Book Review, Cat Patrick, Debut Author, Young Adult

Book Review: Forgotten by Cat Patrick

With the intrigue of “Memento” and the romance of “The Time-Traveller’s Wife”, “Forgotten” is the perfect YA novel. 

Each night when 16 year-old London Lane goes to sleep, her whole world disappears. In the morning, all that’s left is a note telling her about a day she can’t remember. The whole scenario doesn’t exactly make high school or dating that hot guy whose name she can’t seem to recall any easier. But when London starts experiencing disturbing visions she can’t make sense of, she realizes it’s time to learn a little more about the past she keeps forgetting-before it destroys her future. 

Part psychological drama, part romance, and part mystery, this thought-provoking novel will inspire readers to consider the what-if’s in their own lives and recognize the power they have to control their destinies (From Goodreads.com)

Warning: Reading the first page of Forgotten causes you to enter a time slip, where before you know it 3 hours have past and you’ve just read one of the most addictive and original books of your life.
Yes, I am not over exaggerating. I picked up Forgotten one afternoon planning only to read a couple of chapters before getting on with my day. But I found myself physically unable to stop reading. The story wasn’t just good, it was gripping and almost like outside forces had me glued to the pages.
Cat Patrick’s debut novel stands out with its original plot, like nothing I have come across before. 16-year-old London goes to sleep and instantly forgets the day before, but in a bizarre twist of fate can ‘remember’ the future. She manages to get through life in her endearingly haphazard manor by writing important stuff down from the day before and looking to the future to find clues to the people around and their relationship to her. Sounds complicated? Well it is, but the author manages to make a complex situation extremely plausible and for the reader it all makes perfect sense while locked in London Lanes world.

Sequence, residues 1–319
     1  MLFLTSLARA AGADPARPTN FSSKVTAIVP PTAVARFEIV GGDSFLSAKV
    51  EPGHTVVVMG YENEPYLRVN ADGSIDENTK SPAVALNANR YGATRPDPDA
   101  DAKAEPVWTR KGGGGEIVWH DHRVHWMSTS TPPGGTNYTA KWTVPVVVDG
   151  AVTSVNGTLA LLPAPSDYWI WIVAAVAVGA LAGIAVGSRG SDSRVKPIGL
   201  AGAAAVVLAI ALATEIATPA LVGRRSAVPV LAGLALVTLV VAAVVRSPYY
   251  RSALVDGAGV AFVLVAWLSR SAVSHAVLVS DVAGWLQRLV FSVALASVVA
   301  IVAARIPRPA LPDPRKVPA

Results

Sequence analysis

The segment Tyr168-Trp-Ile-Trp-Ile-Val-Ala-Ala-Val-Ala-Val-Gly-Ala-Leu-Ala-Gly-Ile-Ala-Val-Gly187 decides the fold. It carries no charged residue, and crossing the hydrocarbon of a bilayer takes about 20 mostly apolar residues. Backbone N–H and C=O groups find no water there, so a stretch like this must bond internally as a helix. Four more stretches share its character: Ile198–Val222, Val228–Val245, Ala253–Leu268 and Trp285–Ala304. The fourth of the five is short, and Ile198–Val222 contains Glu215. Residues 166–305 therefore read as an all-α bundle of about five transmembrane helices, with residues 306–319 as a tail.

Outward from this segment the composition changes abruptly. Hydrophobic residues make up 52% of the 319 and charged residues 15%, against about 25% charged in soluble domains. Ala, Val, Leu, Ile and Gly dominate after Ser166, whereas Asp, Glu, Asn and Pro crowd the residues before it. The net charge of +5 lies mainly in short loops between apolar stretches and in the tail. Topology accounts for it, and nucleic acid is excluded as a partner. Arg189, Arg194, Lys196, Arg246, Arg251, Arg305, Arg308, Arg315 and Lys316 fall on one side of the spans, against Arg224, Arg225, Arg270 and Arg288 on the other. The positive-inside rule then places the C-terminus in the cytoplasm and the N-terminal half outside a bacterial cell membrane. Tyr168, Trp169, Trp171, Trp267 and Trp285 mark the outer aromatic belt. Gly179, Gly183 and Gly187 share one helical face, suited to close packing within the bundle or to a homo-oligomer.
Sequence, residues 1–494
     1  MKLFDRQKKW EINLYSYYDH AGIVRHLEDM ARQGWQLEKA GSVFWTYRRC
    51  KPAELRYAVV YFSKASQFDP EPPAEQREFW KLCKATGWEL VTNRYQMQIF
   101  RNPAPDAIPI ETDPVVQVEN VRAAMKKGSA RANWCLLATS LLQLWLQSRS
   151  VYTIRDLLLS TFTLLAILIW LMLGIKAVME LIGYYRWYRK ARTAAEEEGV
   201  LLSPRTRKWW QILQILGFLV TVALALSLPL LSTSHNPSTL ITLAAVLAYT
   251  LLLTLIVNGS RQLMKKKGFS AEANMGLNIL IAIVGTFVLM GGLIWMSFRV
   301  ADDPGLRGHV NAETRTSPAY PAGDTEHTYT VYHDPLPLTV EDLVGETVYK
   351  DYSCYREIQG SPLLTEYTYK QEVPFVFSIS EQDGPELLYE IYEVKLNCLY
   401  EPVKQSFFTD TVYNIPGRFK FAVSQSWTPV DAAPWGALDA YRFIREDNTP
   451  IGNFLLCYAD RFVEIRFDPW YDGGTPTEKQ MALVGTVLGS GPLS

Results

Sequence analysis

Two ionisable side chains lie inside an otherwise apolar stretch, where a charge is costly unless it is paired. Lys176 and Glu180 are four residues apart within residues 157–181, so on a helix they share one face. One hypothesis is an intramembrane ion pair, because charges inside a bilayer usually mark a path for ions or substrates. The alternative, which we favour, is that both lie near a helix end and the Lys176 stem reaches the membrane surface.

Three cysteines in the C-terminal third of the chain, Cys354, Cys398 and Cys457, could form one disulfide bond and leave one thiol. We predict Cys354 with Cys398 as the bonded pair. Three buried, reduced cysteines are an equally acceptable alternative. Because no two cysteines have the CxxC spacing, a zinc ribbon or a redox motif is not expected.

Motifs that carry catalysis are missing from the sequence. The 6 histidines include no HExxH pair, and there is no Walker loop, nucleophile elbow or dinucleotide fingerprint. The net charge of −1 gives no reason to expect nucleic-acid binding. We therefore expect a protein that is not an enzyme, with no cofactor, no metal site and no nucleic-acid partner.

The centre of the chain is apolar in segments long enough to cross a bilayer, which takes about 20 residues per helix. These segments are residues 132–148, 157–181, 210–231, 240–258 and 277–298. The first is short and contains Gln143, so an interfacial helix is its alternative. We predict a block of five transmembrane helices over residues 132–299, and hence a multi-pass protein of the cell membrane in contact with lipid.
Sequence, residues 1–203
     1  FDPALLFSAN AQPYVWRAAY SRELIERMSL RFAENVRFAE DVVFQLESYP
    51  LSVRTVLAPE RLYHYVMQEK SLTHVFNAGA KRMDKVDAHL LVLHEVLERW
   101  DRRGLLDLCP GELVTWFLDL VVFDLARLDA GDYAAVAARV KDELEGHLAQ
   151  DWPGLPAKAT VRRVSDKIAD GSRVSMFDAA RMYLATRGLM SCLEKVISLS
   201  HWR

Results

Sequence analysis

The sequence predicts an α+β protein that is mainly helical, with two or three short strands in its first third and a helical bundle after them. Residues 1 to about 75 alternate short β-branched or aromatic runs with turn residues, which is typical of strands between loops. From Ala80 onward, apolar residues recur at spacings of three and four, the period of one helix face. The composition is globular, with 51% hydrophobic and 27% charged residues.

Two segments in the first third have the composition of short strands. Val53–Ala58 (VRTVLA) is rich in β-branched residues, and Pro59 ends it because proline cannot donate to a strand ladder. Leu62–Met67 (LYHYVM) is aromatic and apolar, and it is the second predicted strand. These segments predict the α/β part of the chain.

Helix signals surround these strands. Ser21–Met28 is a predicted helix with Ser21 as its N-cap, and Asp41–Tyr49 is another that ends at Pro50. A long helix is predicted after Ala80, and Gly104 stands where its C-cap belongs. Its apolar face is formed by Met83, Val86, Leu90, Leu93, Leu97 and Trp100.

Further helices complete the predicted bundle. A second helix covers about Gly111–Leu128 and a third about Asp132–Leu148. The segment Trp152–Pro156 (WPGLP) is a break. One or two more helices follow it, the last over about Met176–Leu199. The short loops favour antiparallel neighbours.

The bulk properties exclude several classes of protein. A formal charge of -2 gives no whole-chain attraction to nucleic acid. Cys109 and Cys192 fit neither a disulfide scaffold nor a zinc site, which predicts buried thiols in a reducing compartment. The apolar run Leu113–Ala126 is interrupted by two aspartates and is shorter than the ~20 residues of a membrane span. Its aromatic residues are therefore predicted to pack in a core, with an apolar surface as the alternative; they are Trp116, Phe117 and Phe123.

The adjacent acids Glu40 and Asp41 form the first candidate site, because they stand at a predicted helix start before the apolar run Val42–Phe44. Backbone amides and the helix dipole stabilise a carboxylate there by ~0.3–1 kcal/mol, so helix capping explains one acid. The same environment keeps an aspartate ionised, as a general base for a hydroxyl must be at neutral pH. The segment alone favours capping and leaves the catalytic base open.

London herself is a very likeable character. Like a broken bird I had the overwhelming feeling of wanting to protect her. This isn’t an action packed adventure and she’s no kick ass heroine, but her quiet determination, confusion and vulnerability meant she crept right under my skin directly to my heart. My favourite part of the book was the fledgling romance between London and the extremely gorgeous Luke. Imagine falling in love every single day with the same person? Cat Patrick perfectly creates that first rush of love and attraction not once but many times over, and boy is Luke a worthwhile candidate! It’s so beautifully romantic and exciting it left me gasping at times.

Forgotten is a stunning mix of romance, psychological thriller, paranormal and mystery. I can understand why the publishers compare it to The Time Travellers Wife in some ways. It has that same unique and achingly romantic quality and crosses between genres so effortlessly it will appeal to many. It’s a rare book which I know I could read over and over again and never tire of and one I’m slightly sorry to have already read as I’ll never get that first time again. A five star book and a new author to watch out for very carefully in the future.







Published June 2011 by Egmont (UK)
Thanks to the publishers for providing a  copy for review

8 thoughts on “Book Review: Forgotten by Cat Patrick”

  1. I loved the story concept. It was a little hard for me to read her writing style but I could not put this book down. London is such a wonderful character and I was so excited to see how her and Luke's relationship would grow. Every night before bed London would write down things she found was important to remember. She can only remember the future and she forgets the past. She can't remember Luke at all and she is afraid he won't be in her future. I thought it was funny how if she didn't want to remember things she wouldn't write it down. The relationship between London and her best friend Jamie kinda bothered me. I feel like Cat should of put more interaction between them. Even tho they were fighting. It shouldn't of been through the whole book.

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